29 March 2021
Yarlung Tsangpo: another giant, high mountain landslide on 22 March 2021
On Friday evening, as I was queueing to receive the first dose of the Oxford / Astra Zeneca vaccine for Covid-19 (a wonderful day), I received an email from Göran Ekstrom of Columbia University making a small group of us aware that he had detected, using seismic instruments, a probable large-scale landslide in the vicinity of the Yarlung Tsangpo in Tibet. As always, the seismic data gives an indication of location, but not a precise grid reference, and an idea of the mass (in this case about 100 million tonnes – a very large one indeed).
Fastest out of the blocks was Marten Geertsema, who used partially cloudy Planet Labs satellite imagery to identify a possible site. Yesterday, Planet Labs data with low levels of cloud became available. Dan Shugar from the University of Calgary was able to identify that the location was correct, and that a large landslide had occurred:-
@planetlabs images of #TsangpoLandslide from Mar 13 and 28 show failure of some small hanging glaciers (similar to Chamoli) and likely rock material, which dropped 3900m (!!) from ~6600m to 2700m to Yarlung Tsangpo valley bottom, causing partial blockage (but some water flowing). https://t.co/WLmBOWQRPS pic.twitter.com/dYrSuZ4hox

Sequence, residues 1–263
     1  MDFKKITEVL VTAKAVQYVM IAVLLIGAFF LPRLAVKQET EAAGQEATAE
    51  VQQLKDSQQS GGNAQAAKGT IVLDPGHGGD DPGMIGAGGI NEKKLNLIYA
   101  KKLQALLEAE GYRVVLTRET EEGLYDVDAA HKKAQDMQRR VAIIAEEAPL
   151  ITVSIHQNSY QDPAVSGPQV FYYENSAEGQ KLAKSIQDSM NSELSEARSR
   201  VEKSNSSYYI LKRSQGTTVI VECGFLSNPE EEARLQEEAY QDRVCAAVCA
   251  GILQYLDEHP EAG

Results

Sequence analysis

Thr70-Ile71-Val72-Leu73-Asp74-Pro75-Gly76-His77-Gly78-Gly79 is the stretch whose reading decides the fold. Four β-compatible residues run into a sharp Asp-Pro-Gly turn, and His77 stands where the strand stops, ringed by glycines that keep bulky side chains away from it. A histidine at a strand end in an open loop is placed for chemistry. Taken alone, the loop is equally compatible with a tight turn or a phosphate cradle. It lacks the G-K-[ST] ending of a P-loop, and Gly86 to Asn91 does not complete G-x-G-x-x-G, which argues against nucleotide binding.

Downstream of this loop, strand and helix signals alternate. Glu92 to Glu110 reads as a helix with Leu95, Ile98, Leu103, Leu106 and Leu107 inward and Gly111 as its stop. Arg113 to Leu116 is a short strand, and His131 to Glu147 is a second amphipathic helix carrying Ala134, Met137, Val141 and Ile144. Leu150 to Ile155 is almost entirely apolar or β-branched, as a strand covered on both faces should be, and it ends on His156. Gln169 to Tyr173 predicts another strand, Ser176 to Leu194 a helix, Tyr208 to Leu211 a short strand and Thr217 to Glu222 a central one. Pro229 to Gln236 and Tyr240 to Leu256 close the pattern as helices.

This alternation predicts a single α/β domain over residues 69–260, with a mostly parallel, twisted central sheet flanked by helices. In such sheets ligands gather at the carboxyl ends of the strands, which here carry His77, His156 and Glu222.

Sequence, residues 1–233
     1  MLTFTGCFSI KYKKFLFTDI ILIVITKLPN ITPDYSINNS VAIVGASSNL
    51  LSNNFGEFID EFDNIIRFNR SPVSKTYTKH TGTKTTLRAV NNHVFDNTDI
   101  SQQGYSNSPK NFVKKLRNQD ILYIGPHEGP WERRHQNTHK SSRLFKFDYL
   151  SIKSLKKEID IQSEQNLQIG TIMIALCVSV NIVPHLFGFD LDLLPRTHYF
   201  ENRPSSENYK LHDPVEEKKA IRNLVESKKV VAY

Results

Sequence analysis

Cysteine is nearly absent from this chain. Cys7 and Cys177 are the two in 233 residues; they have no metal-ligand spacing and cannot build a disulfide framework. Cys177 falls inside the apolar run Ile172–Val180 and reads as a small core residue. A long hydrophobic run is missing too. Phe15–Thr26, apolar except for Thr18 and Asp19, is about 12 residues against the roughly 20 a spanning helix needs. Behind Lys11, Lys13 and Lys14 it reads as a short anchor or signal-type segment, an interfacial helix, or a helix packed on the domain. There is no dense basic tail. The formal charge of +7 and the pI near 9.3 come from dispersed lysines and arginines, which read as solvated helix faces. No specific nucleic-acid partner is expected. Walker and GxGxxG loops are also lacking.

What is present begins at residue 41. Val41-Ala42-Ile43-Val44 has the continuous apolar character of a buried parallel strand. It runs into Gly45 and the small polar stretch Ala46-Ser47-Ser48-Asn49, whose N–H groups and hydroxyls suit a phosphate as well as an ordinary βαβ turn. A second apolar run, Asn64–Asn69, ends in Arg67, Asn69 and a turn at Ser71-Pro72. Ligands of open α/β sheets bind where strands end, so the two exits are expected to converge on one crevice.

— Dr Dan Shugar (@WaterSHEDLab) March 28, 2021
This is the Planet Labs image of the site, captured yesterday:
The coordinates of the site, 29.815, 94.932 are the centre of the landslide source. Note the scale in the bottom right corner.
Dan and I slightly disagree with how this (and Chamoli) should be described (which is fine of course). Dan describes this event as the collapse of hanging glaciers, whereas I consider it to be a rockslide that has taken some ice with it. Researchers love semantics! Either way, at Yarlung Tsangpo it is clear that a large amount of rock and ice have detached from the east side of the tributary valley, moving westwards and then to the south. Once again this has formed a catastrophic channelised flow that has travelled down the channel to deposit a large volume in the main channel. This was probably blocked briefly, but as the image above shows water is now flowing freely.
Note the huge increase in turbidity of the water downstream of the blockage on the Yarlung Tsangpo.
Stuart Dunning of Newcastle University tweeted a very interesting aspect of this site yesterday in response to a tweet from Dan:-
— Stuart Dunning (@Rock_Avalanches) March 28, 2021
This must be one of the most dynamic landslide locations on Earth. I have previously written about another landslide at exactly the same site. That event looks broadly similar to this one.
As Dan’s tweet above notes, there is a discussion about hydropower development in this area. As with Chamoli, that would seem unwise given the landslide threat.
Planet Team (2021). Planet Application Program Interface: In Space for Life on Earth. San Francisco, CA. https://www.planet.com/